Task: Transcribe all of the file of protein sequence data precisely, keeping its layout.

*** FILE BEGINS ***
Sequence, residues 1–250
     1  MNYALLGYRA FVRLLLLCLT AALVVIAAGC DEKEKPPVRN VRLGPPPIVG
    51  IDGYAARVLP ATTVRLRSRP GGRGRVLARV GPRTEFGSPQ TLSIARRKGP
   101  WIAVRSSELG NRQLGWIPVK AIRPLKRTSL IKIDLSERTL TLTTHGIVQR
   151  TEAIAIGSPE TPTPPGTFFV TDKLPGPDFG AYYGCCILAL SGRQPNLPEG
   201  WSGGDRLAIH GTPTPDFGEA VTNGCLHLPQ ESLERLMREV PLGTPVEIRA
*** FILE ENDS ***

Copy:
Sequence, residues 1–250
     1  MNYALLGYRA FVRLLLLCLT AALVVIAAGC DEKEKPPVRN VRLGPPPIVG
    51  IDGYAARVLP ATTVRLRSRP GGRGRVLARV GPRTEFGSPQ TLSIARRKGP
   101  WIAVRSSELG NRQLGWIPVK AIRPLKRTSL IKIDLSERTL TLTTHGIVQR
   151  TEAIAIGSPE TPTPPGTFFV TDKLPGPDFG AYYGCCILAL SGRQPNLPEG
   201  WSGGDRLAIH GTPTPDFGEA VTNGCLHLPQ ESLERLMREV PLGTPVEIRA